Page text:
Employers are struggling to find new labor as some news outlets are dubbing 2021 the “Year of the “Great Resignation.”
But there’s a silver lining to this pain, according to one CEO.
“This is a great reset … [with] every business, every industry, but it’s a phenomenal opportunity for enterprises on human capital,” Infosys President Ravi Kumar told Yahoo Finance at the annual Milken Institute Global Conference. “On one side, you could see it as an unprecedented crisis. On the other side, you could see this as an opportunity.”
The most recent Job Openings and Labor Turnover Summary from the U.S. Bureau of Labor Statistics found that quits increased in August 2021 to 4.3 million compared to the month prior. Specifically, quits increased in accommodation and food services, wholesale trade, and state and local government education.
In Kumar’s view, millions leaving their jobs in the U.S. creates an opportunity for companies to deeply focus on connecting and hiring employees based on their true goals.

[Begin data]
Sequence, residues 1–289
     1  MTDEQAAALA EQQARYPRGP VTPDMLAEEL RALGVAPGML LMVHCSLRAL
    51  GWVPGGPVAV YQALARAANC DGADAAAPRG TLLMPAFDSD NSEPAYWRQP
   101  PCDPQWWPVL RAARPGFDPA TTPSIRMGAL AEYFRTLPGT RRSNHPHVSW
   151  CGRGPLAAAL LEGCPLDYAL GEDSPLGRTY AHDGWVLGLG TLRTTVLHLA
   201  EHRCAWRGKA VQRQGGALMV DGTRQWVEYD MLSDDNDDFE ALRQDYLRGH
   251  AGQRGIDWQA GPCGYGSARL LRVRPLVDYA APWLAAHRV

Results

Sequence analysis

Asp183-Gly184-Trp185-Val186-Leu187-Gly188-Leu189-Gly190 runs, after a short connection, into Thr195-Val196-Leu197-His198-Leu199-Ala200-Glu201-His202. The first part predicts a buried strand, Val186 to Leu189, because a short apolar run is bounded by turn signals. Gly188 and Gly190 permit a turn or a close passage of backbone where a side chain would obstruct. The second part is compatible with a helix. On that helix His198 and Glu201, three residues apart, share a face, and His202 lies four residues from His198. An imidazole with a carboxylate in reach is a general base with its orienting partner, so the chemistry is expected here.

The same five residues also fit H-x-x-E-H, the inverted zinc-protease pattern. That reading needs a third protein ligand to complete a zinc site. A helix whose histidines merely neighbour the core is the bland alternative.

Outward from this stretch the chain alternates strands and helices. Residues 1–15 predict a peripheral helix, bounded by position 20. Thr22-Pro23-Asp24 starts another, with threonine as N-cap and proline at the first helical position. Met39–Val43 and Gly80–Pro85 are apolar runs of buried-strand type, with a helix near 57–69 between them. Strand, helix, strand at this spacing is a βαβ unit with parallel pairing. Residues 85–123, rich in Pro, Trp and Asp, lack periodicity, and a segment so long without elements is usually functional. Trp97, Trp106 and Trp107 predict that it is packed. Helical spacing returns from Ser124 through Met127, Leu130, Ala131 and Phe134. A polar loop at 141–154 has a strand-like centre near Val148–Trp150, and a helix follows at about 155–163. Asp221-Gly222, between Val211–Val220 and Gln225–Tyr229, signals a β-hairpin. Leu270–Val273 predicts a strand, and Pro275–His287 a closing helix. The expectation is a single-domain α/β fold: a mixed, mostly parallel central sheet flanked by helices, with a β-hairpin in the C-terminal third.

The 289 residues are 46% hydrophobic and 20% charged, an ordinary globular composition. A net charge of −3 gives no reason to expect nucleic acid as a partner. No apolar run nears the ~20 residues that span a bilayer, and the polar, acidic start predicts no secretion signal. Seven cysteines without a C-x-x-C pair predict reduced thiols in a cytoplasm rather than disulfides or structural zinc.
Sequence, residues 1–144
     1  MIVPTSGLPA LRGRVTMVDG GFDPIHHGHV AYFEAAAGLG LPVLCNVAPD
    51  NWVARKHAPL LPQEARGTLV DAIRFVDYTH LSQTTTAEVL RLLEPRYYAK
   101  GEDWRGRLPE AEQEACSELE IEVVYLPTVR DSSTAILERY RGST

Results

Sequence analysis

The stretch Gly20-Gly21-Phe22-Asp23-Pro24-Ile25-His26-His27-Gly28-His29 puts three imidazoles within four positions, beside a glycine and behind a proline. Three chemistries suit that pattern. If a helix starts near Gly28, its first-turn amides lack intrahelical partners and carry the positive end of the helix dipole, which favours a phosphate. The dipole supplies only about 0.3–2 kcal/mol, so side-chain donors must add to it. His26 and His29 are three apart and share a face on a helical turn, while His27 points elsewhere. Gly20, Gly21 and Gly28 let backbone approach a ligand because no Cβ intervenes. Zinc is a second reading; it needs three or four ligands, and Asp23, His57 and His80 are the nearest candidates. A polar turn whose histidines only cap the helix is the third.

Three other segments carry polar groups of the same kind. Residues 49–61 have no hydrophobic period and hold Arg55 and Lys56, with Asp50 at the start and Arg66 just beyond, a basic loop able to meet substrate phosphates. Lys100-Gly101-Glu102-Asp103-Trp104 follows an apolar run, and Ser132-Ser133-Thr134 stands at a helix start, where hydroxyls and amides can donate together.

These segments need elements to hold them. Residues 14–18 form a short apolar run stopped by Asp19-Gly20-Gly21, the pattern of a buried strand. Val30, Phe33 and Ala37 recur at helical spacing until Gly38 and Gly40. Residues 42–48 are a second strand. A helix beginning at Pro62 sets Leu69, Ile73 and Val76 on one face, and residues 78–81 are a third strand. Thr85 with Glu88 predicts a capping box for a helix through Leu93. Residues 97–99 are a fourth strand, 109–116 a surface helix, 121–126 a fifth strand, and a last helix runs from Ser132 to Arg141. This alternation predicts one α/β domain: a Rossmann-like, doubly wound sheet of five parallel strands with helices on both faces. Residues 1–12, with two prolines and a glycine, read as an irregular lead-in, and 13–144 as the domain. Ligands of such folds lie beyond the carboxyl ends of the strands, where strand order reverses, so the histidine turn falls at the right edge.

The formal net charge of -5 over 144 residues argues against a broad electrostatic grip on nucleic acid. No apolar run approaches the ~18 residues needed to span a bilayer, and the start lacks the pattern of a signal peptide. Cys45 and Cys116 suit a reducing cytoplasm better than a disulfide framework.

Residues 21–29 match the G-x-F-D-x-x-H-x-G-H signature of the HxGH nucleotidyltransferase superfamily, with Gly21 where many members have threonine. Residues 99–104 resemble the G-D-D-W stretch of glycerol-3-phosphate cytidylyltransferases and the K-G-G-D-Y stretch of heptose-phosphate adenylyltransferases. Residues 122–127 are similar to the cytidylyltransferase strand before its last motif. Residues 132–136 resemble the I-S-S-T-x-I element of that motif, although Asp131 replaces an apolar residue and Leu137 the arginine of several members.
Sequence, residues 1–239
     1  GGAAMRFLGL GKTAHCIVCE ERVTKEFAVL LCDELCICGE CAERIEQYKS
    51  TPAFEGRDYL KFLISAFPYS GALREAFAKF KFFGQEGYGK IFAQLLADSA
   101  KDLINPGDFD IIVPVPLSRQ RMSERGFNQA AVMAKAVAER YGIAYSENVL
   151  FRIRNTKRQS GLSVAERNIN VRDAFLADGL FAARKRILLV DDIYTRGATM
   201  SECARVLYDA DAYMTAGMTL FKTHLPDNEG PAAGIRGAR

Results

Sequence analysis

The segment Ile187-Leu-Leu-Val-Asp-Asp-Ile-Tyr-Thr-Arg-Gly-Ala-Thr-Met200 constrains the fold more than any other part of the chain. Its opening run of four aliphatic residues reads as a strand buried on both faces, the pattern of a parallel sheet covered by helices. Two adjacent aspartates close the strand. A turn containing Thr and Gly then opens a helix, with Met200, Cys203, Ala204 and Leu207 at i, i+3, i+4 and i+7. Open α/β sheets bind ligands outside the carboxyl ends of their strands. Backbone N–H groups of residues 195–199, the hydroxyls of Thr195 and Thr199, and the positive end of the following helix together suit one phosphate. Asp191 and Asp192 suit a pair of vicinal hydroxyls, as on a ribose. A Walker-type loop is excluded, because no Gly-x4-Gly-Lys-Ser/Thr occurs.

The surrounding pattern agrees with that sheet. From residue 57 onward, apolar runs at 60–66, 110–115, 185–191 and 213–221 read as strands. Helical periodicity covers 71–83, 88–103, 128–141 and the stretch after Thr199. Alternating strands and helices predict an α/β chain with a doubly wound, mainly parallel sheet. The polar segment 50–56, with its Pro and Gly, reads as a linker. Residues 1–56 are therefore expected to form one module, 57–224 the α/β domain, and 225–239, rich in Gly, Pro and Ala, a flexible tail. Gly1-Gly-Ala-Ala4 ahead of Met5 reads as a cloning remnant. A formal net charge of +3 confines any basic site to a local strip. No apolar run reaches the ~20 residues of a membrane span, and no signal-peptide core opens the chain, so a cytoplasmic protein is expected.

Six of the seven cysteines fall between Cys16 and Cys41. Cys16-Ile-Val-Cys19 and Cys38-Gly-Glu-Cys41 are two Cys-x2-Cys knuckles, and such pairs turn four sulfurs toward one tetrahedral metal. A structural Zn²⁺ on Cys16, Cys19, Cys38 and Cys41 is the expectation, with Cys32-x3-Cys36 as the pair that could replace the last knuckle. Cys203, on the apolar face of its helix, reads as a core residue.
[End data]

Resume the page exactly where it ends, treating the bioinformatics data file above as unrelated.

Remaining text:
“70% of the people are wanting to be having human connections, and 70% of the people are actually saying they want to have more flexibility,” Kumar said. “So the great reshuffle in some sense is all about finding new purpose, finding new priorities for employees to actually connect to employers who fall into the same purpose.”
With workers reevaluating their priorities, this is “a time when I believe that work, workplaces, and workforce — which were all kind of entangled —are getting disentangled,” he added. “Work is becoming very hybrid.”
According to a March 2021 poll by Harvard Business School, 81% of workers would either work through a hybrid schedule or not go back to the office at all, with 61% indicating they’d like to work 2-3 days a week from home.
Meanwhile, in retail, companies are scrambling to hire more workers ahead of the holiday season. Nordstrom (JWN) said that it’s looking to hire nearly 30,000 seasonal workers this year, while Amazon (AMZN) is aiming to hire 150,000 seasonal employees, offering lucrative incentives to lure talent.
“Consumer demand is very elevated, so retailers need more staff than ever to cope with things like fulfillment and serving customers in store,” Neil Saunders, a retail analyst with GlobalData, told NBC News. “However, at the same time, people are more reluctant to work in retail because of concerns about the virus and the stressfulness of the work, so it is harder than ever to find enough workers.”